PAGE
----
Now I’m sure Mr. Clarke, judging by his reviews, knows the difference between a good film and a bad one (and in fairness he does give Max Payne (one can accurately rate that film based on its title alone) a good thrashing), but all to often he seems to make his judgements based on the trendiness of the subjects under discussion rather than their objective merits, looking fearfully over his shoulder and thinking “If I’m too critical too often, especially about stuff that’s popular, I’ll probably get fired,” and writing his reviews accordingly. Which is understandable – I’m sure he has a mortgage and such – but I occasionally find myself wondering if he (in his heart of hearts) really thought Dark Knight (to give one example) was actually worth five stars, or if he was terrified that the hip young things who love it would march on Dublin and tear him limb from limb. Who knows?

2) "tend to be" Why not "are"? I personally would have said "Discerning film critics are, unsurprisingly", but that's just elitist old me. I think that "tend to be" is used because it's a little more relative, in that it suggests that, rather than being a point of principle, it's simply an affectation, put on in order to seem superior. Again, although I'm tweezing bits out to examine individually, the overall tone of the paragraph also suggests this interpretation.

3) "a tad stuffy" I love this phrasing! Let us go back to our snooty, joyless, boring elitist, sneering down from his ivory tower; isn't this description just so apt for him? It is being used here with our hypothetical Irish Everyman in mind; like any self-respecting son of the soil, he imagines himself to be good "craic", a bit of laugh, unpretentious, easygoing, et cetera, and the last word he would ever use to describe himself or his chums is "stuffy", which brings to mind crusty old professors, librarians, and accountants. This is one implication of the phrase; the other, of course, is that it suggests that our "film critics" dislike adaptations of vidjo games not because of any well-thought-out argument, or as the result of an intellectual process (in which case stronger, more judgemental phrases like "dismissive" or even "contemptuous" could be used), but because they are simply too dry and fusty to be "down" with "the kids", being the sort of desiccated old prunes who wouldn't know fun if it jammed a funnel into their mouths and poured a litre of Blue WKD down it.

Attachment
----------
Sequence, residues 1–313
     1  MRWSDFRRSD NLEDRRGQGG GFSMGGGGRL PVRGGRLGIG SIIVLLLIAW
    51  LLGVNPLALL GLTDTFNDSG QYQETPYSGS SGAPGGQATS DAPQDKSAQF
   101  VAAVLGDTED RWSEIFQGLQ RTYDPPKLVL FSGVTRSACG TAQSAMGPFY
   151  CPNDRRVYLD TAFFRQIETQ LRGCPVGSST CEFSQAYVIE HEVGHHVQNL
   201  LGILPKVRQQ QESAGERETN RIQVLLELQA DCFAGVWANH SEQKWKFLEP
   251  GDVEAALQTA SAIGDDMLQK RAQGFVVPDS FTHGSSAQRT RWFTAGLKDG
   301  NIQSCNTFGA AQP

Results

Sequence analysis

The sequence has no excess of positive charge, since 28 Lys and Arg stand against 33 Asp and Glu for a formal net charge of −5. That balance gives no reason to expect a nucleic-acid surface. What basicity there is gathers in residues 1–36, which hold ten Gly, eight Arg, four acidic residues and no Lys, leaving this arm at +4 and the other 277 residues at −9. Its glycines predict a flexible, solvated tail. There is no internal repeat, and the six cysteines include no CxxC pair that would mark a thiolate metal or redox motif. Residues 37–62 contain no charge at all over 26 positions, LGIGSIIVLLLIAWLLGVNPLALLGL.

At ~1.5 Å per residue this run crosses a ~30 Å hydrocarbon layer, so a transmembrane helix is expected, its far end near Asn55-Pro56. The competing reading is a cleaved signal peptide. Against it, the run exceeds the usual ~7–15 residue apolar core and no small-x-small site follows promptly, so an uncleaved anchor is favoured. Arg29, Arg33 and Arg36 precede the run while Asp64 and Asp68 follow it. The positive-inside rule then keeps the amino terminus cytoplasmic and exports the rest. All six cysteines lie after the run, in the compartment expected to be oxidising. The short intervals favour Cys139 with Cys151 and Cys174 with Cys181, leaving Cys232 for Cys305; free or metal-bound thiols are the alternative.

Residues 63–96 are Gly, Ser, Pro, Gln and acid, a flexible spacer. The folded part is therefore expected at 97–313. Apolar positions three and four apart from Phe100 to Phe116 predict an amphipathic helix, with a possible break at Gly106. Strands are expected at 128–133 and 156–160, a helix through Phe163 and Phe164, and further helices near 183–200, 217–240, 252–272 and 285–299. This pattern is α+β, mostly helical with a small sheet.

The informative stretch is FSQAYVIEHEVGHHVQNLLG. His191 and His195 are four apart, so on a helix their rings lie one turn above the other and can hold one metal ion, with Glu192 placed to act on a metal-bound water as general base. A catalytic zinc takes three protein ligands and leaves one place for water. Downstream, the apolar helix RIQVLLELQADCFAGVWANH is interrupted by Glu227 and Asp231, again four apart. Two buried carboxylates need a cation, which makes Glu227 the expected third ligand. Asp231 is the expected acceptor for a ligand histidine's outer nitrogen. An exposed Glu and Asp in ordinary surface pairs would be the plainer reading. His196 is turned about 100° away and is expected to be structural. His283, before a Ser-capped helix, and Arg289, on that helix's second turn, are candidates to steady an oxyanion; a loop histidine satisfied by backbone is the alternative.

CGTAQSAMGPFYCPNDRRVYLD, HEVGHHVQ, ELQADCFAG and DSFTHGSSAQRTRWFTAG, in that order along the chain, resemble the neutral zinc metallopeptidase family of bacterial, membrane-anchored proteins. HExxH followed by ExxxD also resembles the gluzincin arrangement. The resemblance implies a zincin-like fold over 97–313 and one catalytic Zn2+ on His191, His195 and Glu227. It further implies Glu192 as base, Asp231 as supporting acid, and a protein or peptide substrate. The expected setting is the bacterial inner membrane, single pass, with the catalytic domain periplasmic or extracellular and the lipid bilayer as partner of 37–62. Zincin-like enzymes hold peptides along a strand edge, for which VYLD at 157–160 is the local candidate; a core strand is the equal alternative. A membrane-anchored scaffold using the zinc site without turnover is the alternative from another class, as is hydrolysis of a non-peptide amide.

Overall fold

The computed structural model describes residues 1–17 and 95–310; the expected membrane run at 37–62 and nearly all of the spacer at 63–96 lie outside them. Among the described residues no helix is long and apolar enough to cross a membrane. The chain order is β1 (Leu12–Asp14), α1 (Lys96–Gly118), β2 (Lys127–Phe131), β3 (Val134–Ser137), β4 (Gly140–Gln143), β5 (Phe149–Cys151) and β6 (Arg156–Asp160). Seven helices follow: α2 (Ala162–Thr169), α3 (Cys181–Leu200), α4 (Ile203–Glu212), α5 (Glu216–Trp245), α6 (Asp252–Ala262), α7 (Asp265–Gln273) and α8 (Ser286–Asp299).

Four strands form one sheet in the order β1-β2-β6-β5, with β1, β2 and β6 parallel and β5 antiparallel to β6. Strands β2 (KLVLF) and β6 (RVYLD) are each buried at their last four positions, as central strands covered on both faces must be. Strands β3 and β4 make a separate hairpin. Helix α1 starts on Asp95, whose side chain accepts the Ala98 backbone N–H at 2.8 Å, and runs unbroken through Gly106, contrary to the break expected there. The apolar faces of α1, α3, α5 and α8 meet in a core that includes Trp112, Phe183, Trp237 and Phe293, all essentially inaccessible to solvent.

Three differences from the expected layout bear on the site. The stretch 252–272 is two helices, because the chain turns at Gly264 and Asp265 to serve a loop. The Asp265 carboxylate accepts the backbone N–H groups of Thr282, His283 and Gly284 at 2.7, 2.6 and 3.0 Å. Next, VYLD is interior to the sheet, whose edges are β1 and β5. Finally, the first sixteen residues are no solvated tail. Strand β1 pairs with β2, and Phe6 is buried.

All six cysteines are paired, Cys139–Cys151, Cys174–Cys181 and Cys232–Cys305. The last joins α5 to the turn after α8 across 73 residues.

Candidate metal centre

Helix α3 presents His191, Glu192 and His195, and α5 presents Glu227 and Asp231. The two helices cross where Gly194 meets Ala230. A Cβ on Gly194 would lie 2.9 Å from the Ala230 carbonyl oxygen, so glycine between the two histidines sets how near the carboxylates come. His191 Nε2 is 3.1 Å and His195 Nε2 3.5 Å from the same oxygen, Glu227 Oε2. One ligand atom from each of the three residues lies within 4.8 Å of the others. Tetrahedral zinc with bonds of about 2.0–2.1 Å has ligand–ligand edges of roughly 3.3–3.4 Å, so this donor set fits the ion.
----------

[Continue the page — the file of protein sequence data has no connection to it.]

4) "It is, they like to say" Again: why not just "they say"? Or, better still, "they argue"? But, as pointed out in previous points, this phrasing is strengthening the idea that these "film critics" have adopted their attitude as an affectation to prove their superiority rather than as an intelligently thought-out argument (which, Heaven forfend, would suggest that a defender of such entertainments would have to argue back, using such examples as Silent Hill, Resident Evil, or Mortal Kombat).

5) "trivial diversions" This is the nub of the matter, isn't it? And all this talk about stuffiness and tending to say can't get away from the central fact that, unfortunately for Mr. Clarke, video games are entirely trivial. They are essentially a way for (I would guess primarily male) teenagers and college students to pass their time in fantasy-based problem-solving shoot-'em-ups rather than doing anything useful with it. They may have a level of sophistication and intelligence far removed from the Space Invaders of my youth, but any adverts that I have seen (I don't, and never have, played video games) suggest that behind it all is still the childish fantasy of some big guy with a big gun blowing stuff up. A stronger, and more persuasive, argument that our stuffy old film critic could make is that the entire point of a video game is its interactivity; the player controls the central character and therefore "creates" the narrative as he goes along (within the confines of the game's overall structure), and such interactivity cannot be translated to a cinema screen (and is suffocatingly boring for anyone not playing; I lived with a video-game fan for a while and can tell you that watching someone else play (which seemed to consist of wandering around a lot of virtual corridors for hours searching for clues to the next level) is about as exciting as watching security camera footage in an empty office block at 3am). This could be seen as the reason why so many video game adaptations, deprived of this one-on-one interaction, have to rely solely on their hackneyed plots and come across as bad science fiction or horror. Case in point: last night I watched a bit of Resident Evil: Extinction, which, aside from its obvious deficiencies in plot and acting, and its ludicrously improbable and unpleasant fight scenes, came across as a blatant rip-off of Day of the Dead and the Mad Max movies (and, in an entirely unrelated digression, where do they get all that petrol in their post-apocalyptic future? Do Shell and BP hire the Walking Dead to pilot their tankers?) And no matter how much that gamers go on that the source material for these movies is really deep and intelligent (y’know), in order to appreciate its nuances (if any) I have to buy a gaming console, learn to use it, and then spend hours of my life actually playing the bloody thing (which, with my hand-to-eye coordination, means I’ll still be at it in 2010). To be honest, I’d rather use the time to read a book.